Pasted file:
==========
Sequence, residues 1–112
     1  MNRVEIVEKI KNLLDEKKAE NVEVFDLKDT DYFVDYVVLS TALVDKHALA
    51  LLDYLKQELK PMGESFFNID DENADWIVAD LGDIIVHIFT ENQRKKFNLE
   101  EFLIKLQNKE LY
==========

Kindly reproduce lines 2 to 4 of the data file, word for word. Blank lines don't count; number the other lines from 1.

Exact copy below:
     1  MNRVEIVEKI KNLLDEKKAE NVEVFDLKDT DYFVDYVVLS TALVDKHALA
    51  LLDYLKQELK PMGESFFNID DENADWIVAD LGDIIVHIFT ENQRKKFNLE
   101  EFLIKLQNKE LY